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The Food & Drug Administration last week approved Procter & Gamble Co.'s request to take its Femstat 3 yeast infection treatment over the counter, a move that comes as both the product and the category need a lift.

Femstat (butoconazole nitrate) has been available by prescription since 1986 and was developed by Procter-Syntex Health Products Co., a joint venture of P&G and Roche Holding. Sales for the first 11 months of 1995 totaled $9.87 million, according to Scott-Levin Associates, Newtown, Pa., a far cry from the $15.7 million recorded for 1991, the year Johnson & Johnson's Monistat 7 went OTC.

Researchers don't specifically track a category of products for treating vaginal yeast infections. However, Monistat is generally acknowledged as having about half the OTC market, and its sales of $111.6 million through Nov. 30 were flat, according to Towne-Oller & Associates, New York. "It's been a very competitive market," said a J&J spokesman.

Femstat will carry its prescription name with the number three added-emphasizing its three-day treatment vs. seven days for established OTC brands, such as category leader Johnson & Johnson's Monistat 7.

P&G wouldn't disclose media support for Femstat 3, to be handled by Leo Burnett USA, Chicago. But the product will be going up against Monistat 7, supported by $29.3 million from McCann-Erickson Worldwide, New York; Bayer Group's $15.6 million on Mycelex 7 through Tatham Euro RSCG, Chicago; and Schering-Plough Corp.'s $10.5 million on its Gyne-Lotrimin brand via William Douglas McAdams, New York, according to Competitive Media Reporting.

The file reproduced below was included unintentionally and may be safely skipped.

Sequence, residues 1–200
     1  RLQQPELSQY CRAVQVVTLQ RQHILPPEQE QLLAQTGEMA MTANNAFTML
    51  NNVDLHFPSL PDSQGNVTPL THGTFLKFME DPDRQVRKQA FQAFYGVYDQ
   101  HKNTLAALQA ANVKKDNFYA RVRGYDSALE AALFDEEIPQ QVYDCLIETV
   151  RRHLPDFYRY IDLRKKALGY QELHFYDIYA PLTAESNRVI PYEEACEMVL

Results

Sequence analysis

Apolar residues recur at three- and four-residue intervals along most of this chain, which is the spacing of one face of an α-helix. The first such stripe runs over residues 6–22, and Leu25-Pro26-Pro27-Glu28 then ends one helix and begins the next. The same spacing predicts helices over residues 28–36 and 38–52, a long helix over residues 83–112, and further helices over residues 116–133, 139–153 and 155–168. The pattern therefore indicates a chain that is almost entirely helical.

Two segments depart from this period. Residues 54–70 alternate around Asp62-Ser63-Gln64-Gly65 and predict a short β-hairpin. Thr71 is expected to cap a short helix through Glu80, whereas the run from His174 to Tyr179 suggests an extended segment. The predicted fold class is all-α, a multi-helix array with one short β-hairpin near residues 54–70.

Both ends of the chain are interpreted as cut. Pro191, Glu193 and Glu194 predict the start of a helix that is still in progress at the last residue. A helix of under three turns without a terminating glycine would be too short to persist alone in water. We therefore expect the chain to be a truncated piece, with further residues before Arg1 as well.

Because of such competitive marketing strength, industry observers were critical of P&G's plan to wait until spring to get Femstat 3 on shelves.

"I'm surprised it's taking them that long to get to market," said Paul Kelly, president of Silvermine Consulting, Westport, Conn., citing J&J and American Home Products, which got Pepcid AC and Orudis KT to stores within four to six weeks of FDA approval. "Schering and J&J have all kinds of opportunity to pre-empt them. We've seen .*.*. how important being quick is."

Indeed, the market went through heavy private-label competition in 1993, when J&J took matters in hand by cutting Monistat's price to $9 from about $16. Other brands quickly followed.

"J&J stopped private label in its tracks," said Gary Stibel, a principal with New England Consulting Group, Westport, Conn. Femstat 3 is to be competitively priced, though P&G declined to be specific.

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